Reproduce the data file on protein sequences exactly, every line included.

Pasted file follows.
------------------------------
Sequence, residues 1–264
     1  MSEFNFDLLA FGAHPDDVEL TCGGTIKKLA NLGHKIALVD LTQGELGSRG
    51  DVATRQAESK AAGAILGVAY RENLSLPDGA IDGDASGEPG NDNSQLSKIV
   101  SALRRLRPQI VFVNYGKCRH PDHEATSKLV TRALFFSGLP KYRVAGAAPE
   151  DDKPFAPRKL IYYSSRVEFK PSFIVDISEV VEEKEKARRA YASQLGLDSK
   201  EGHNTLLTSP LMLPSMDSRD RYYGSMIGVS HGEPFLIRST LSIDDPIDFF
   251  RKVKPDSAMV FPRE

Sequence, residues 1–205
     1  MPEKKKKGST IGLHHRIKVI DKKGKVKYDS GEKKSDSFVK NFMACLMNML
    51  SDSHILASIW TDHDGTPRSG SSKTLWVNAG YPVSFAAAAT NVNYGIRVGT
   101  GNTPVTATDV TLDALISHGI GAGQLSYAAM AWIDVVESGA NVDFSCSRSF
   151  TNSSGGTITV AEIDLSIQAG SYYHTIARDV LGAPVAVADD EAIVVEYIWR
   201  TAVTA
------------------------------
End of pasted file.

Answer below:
Sequence, residues 1–264
     1  MSEFNFDLLA FGAHPDDVEL TCGGTIKKLA NLGHKIALVD LTQGELGSRG
    51  DVATRQAESK AAGAILGVAY RENLSLPDGA IDGDASGEPG NDNSQLSKIV
   101  SALRRLRPQI VFVNYGKCRH PDHEATSKLV TRALFFSGLP KYRVAGAAPE
   151  DDKPFAPRKL IYYSSRVEFK PSFIVDISEV VEEKEKARRA YASQLGLDSK
   201  EGHNTLLTSP LMLPSMDSRD RYYGSMIGVS HGEPFLIRST LSIDDPIDFF
   251  RKVKPDSAMV FPRE

Sequence, residues 1–205
     1  MPEKKKKGST IGLHHRIKVI DKKGKVKYDS GEKKSDSFVK NFMACLMNML
    51  SDSHILASIW TDHDGTPRSG SSKTLWVNAG YPVSFAAAAT NVNYGIRVGT
   101  GNTPVTATDV TLDALISHGI GAGQLSYAAM AWIDVVESGA NVDFSCSRSF
   151  TNSSGGTITV AEIDLSIQAG SYYHTIARDV LGAPVAVADD EAIVVEYIWR
   201  TAVTA